What's the wholsale price of clothing?
October 3, 2011 2:55 PM   Subscribe

This weekend I picked up of a nice pair of shorts marked down from $69.99 to $39.99. I felt great getting a "bargain," then realized that even at the lower price the store still made a nice profit. This is not to say I felt duped. I know what I pay is what the item costs me, and that what it costs the store is irrelevant once I've made the decision to buy, but still I wonder: how much do my $150 jeans cost Nordstom, is my $79 Lacoste pique polo identical to that sold at JC Penney for $14.99?
posted by BadgerDoctor to Shopping (15 answers total) 25 users marked this as a favorite
 
You are looking at this incorrectly. The margin on that specific product can be (say for example) anywhere between 15% to 65% (depending on whether it is their own label or if it is a brand that they carry). The store's margin (or the wholesaler/distributor's margin to the store) on that specific product can be quite high. But that doesn't do much. Most of the large retailers aren't selling any of their lines in great quantities (at least at the retail price). Then they will have several other overheads (in terms of brand advertising, distribution etc) that they may not apply to the cost/profit centers associated with the product per se. At the end of it all, the great retailers of year years are making very little money.

There are very few highly successful "national" retailers in North America. Apple at the high end and Wal-Mart at the low end (I am using these words very loosely ..) are successful examples. But most large retailers are struggling to stay relevant.

There is certainly (almost always) a quality differential and big looks differential between a $150 pair of jeans and a $40 pair of jeans. But there is another way of looking at things - to consider what exactly do you think you are buying :-). I forgot the names and the references ...but one acquaintance of a CEO of Rolex apparently asked him - "How is the watch business?", He is supposed to have replied, "I am not in the watch business, I am in the lifestyle business." ....
posted by justlooking at 3:33 PM on October 3, 2011


This really depends on a lot of factors.

First of all, stores like Nordstrom can return unsold merchandise to the manufacturers, for the most part. Or more specifically, to the designers, since many of them don't actually own any manufacturing facilities. In that sense, clothing stores are sort of like consignment stores, but a lot of goods work this way: music, some electronics, books, periodicals.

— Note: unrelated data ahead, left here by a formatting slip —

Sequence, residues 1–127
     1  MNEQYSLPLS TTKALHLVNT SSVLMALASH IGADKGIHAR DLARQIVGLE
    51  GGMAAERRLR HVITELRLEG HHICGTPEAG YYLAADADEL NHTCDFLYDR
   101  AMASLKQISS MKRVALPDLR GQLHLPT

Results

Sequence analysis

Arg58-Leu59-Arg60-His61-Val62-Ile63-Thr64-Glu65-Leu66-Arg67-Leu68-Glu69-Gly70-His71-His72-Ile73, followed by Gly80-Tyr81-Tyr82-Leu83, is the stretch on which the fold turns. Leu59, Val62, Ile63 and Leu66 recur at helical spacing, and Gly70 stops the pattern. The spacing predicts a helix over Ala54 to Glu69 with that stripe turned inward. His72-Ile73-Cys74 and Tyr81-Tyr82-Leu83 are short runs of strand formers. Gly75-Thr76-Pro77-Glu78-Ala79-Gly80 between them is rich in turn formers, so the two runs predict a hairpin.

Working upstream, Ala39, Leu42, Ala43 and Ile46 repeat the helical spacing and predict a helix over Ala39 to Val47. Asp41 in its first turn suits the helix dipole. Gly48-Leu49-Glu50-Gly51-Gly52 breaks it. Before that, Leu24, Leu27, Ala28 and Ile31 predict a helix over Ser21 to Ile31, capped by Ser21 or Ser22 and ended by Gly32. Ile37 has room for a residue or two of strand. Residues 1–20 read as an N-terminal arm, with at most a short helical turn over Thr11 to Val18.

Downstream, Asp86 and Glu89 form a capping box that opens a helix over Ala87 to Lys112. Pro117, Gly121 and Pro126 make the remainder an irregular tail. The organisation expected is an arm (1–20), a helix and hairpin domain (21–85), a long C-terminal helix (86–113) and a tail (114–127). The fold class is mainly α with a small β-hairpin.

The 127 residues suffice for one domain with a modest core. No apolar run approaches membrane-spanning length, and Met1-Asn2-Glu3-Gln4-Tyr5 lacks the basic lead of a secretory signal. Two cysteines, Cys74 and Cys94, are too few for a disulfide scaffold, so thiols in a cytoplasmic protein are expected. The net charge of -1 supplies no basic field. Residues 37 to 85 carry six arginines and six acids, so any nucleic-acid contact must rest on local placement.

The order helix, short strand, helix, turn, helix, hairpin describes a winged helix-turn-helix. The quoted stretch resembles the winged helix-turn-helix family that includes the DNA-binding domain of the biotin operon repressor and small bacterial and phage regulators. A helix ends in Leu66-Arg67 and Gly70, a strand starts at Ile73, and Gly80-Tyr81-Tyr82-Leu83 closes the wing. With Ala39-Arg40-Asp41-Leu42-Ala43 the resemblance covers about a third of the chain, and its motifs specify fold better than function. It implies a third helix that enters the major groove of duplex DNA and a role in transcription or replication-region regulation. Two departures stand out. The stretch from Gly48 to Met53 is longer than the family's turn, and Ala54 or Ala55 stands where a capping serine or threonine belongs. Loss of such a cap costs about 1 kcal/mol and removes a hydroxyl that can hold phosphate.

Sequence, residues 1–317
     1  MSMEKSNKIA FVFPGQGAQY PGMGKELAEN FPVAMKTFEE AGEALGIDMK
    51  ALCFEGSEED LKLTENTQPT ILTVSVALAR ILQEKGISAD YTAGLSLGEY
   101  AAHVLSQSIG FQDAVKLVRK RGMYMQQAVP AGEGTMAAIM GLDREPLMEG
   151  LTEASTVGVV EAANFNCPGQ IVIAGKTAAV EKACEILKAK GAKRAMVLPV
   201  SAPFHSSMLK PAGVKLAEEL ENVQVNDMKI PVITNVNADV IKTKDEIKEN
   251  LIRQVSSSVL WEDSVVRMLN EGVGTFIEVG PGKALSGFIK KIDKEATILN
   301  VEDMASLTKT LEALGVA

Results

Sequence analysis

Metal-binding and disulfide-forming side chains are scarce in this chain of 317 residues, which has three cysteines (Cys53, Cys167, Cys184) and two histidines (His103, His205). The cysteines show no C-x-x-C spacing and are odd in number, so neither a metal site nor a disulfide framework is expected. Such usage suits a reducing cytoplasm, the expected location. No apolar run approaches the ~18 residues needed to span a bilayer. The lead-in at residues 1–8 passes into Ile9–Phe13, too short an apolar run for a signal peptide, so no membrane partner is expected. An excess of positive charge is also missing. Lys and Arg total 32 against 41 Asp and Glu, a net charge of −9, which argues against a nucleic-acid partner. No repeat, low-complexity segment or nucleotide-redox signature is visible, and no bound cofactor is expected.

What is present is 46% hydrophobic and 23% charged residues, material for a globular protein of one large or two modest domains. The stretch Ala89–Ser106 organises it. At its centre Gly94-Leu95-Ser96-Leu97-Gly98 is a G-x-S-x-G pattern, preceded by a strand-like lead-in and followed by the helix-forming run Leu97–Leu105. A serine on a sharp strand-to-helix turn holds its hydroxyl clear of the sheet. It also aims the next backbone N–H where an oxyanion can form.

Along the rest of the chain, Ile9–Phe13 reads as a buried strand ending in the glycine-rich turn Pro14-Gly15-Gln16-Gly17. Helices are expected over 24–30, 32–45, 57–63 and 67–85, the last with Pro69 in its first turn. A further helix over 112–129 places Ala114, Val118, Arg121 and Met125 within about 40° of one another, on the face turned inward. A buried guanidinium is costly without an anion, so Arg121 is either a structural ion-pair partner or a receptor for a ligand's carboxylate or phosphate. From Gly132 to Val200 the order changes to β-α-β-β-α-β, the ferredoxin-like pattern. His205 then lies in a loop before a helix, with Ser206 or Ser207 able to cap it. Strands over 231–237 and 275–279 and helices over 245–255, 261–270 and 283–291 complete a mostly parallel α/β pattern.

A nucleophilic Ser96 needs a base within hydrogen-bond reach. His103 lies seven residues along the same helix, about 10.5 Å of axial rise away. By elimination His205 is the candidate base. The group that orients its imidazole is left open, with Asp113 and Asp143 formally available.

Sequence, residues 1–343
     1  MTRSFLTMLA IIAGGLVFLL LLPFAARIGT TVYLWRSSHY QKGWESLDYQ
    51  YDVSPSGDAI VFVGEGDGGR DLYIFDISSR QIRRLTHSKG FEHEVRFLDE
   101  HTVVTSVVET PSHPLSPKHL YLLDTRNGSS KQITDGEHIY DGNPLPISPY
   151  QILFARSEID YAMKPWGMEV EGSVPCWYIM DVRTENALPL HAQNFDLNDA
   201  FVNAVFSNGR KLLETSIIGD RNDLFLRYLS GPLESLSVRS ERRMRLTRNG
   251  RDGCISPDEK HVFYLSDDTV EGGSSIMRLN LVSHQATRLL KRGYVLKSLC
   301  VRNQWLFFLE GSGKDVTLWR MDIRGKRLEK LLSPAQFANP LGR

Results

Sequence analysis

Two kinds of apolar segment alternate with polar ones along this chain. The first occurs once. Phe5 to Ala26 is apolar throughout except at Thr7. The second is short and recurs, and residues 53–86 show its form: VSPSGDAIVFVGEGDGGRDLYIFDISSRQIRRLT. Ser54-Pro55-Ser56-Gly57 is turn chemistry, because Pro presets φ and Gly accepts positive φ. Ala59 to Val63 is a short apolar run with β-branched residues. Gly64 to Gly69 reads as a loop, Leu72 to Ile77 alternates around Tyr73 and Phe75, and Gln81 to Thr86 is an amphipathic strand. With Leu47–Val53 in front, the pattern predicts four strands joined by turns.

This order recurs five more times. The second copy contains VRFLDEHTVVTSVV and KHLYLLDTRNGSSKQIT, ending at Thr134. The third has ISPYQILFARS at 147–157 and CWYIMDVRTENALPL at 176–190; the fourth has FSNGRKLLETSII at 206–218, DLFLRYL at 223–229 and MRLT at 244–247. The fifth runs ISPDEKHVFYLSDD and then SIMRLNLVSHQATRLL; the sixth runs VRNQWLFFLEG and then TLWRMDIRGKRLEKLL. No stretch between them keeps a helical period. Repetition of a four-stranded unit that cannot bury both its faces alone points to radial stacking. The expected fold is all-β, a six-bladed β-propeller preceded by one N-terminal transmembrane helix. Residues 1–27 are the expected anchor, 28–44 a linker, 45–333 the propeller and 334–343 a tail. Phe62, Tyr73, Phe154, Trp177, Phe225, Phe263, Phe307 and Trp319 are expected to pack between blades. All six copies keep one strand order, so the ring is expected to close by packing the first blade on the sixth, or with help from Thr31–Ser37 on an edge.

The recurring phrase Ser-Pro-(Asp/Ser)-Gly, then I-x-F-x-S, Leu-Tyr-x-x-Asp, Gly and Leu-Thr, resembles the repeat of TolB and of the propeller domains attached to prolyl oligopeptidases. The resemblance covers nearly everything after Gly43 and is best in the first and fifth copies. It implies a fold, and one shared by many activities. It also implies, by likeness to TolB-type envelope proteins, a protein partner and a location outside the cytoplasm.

Most big clothing companies operate on a "cut to order" basis. This means they design a bunch of stuff, they get a bunch of samples made, and then a buyer from Nordstrom comes to visit their showroom (or they go to meet with buyers or go to some sort of trade fair) and the buyer from Nordstrom says, "we'll take 100 of these tops, 200 of these pants," etc. Even at this stage, a lot of this is about marketing the brand rather than making money directly from the sales of clothes. The designers will say, "this jacket is one of our key items", but it will be extremely costly to produce, and retail at a high price (read: won't sell many), and so they won't make much money on them. The idea is generally to use the existence of that jacket to sell more branded premium-price t-shirts, for example. In some sense, the clothes are an ad for other clothes. (As an aside, this is also why so many designers refuse to cut clothes in a wider range of sizes, even though it seems to the rest of us like, 'why would you want to exclude such a huge percentage of the buying public?')

Then, the designer/marketer turns around and calls the factory and says, "Ok, 200 more pants for Nordstrom." Sometimes, they drop ship right to Nordstrom, other times, the designer will receive the goods and filter out the crap (there is always crap: shirts with three arms, etc.) They "sell" these goods to Nordstrom and are paid about half the retail price, generally. I say "sell" because while Nordstrom agrees to pay for the goods, they also retain the right to return unsold goods, so the risk remains with the designer.

There are between 4-8 drops a year, normally, though this is increasing, especially at "fast fashion" retailers like Topshop, where they want to have new stuff all the time. After some time has passed, and the retailer has discounted stuff at the end of the season, they ship it back and get credit on their next order. I'm not sure if they can actually literally get cash back. The designers can also do discounting directly, and say, "Hey, if you mark these at 20% off, we'll eat that 20% and you can keep your same profit margin."

Each week, the big chain stores like Nordstrom collate sales figures and forward them on to the designers, so whoever made your shorts knows how many sold, in what sizes, and colors, and wear. They use this to adjust further production and to estimate how many returns there are going to be, as well as where and how to discount.

The designer's gross margin on the items is highly variable. It's like a restaurant, where you make a lot money on the pasta and soda but not too much on the steak. Generally, though, they will wholesale clothes to the retailers for about 2-4 times their production costs.